- Adapt a similar car part to the car. (possible 5th Why #2)
The Toyota Production System has served as the foundation for many modern business philosophies, perhaps most notably Six Sigma, a set of manufacturing methodologies first developed by Motorola. My interest, though, is in how close this process of constantly asking “why” mirrors the process that developers can and should be going through whenever the impossible bug presents itself.
The Five Whys in Action
Take, for instance, this simple real-world scenario we were recently faced with: On a certain website, there is an “office locator” page. There, an interface allows the user to first select a state, then a city, and finally see locations as markers on a map. Recently, the client reported that suddenly several states, when selected, were not triggering the list of cities to display. Nothing related to this functionality had changed. There were no issues on our staging/QA site, and in fact, when we checked there, everything was still working as expected. What could be going on?
Looking at the debug console, it seems that some states were giving us an <object> of cities, while most were (correctly) giving us an array. So, of course that wouldn’t work. Great!
Adding extra code to convert possible objects to arrays here could have been the end of it. That still didn’t answer the question, though, of why this just started happening, in fringe cases, on one instance of the site and not another. Tracking down the cities data, we saw that they were being loaded via an ajax call each time a state is selected. In fact, we were simply using jQuery’s built in $.getJSON() function and parsing the results if it was successful. A core jQuery function like this should be behaving a bit more consistently. So, maybe the issue is with the JSON data itself that we were receiving?
Looking at the script that provides the JSON data, at first everything seemed fine. Comparing the cities data of a state that did work vs a state that didn’t didn’t yield anything — they looked identical. The JSON being output seemed valid. Why then was $.getJSON() parsing one as an object, and another as an array? Maybe if we start removing values one at a time…aha! One of these cities has a comma in it! Could that be messing things up? But that only accounts for one of the states. Hold on, this other state has duplicate values, because of incorrect capitalization. What if we add another normalization routine to remove these?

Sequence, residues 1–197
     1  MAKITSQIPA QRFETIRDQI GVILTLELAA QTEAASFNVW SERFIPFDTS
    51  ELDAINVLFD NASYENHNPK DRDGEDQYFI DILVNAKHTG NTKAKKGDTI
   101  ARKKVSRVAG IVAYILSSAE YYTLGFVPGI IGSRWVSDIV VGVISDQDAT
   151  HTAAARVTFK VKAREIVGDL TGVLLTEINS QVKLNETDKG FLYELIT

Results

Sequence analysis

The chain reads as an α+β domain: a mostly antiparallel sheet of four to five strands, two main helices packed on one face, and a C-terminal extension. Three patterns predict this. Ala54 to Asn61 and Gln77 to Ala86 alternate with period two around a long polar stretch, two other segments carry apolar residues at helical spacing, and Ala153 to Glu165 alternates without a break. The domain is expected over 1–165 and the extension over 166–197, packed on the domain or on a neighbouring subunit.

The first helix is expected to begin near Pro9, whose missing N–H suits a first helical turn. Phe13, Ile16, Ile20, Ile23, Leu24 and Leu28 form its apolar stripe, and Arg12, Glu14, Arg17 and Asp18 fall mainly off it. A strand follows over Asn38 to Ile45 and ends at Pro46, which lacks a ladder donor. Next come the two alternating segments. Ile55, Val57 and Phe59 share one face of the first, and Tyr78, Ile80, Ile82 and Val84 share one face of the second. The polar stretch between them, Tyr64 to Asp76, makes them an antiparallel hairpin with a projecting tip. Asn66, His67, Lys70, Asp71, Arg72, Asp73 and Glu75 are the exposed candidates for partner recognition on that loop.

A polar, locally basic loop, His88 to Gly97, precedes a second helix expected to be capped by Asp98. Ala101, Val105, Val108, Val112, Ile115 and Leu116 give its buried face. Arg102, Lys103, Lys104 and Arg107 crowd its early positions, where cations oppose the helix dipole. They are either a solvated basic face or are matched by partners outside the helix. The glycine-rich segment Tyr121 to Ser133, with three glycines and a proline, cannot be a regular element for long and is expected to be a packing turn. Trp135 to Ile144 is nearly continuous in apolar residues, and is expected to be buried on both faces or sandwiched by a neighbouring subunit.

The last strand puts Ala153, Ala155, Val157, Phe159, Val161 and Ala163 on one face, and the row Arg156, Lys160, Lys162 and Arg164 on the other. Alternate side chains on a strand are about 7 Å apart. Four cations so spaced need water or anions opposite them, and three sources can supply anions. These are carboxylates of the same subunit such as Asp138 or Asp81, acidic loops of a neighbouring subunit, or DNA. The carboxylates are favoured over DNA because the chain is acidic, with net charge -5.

This, not surprisingly, fixed the problem. jQuery’s $.getJSON() function was choking on certain characters in the city names, and deciding that what we really wanted it to convert the JSON data to was an object, not an array, in those cases. It wasn’t until certain city names were added to the database that the problem presented itself.
Justin recently wrote about forcing yourself to put your ego and initial reactions aside, and instead treat situations with the consideration and respect they deserve. Tracking down bugs is no different. Constantly asking “why” can seem counter-productive to finding the first fix, fast. Yet there, I think, is where the art of fixing bugs begins.